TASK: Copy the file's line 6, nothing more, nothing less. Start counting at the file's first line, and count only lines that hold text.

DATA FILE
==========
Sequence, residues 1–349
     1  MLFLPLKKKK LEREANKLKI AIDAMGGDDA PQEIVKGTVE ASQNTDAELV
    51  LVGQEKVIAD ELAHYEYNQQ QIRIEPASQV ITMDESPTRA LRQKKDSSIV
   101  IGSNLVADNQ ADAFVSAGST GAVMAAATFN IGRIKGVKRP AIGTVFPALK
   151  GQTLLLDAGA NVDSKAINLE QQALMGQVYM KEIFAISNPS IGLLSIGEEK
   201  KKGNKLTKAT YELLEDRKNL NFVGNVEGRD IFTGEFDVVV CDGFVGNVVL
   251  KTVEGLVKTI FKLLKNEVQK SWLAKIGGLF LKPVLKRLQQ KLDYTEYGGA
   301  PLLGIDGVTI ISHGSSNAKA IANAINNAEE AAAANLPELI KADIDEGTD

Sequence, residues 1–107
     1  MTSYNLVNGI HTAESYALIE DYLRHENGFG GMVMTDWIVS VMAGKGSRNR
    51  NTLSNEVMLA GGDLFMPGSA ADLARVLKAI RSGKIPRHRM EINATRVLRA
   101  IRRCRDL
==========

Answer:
   201  KKGNKLTKAT YELLEDRKNL NFVGNVEGRD IFTGEFDVVV CDGFVGNVVL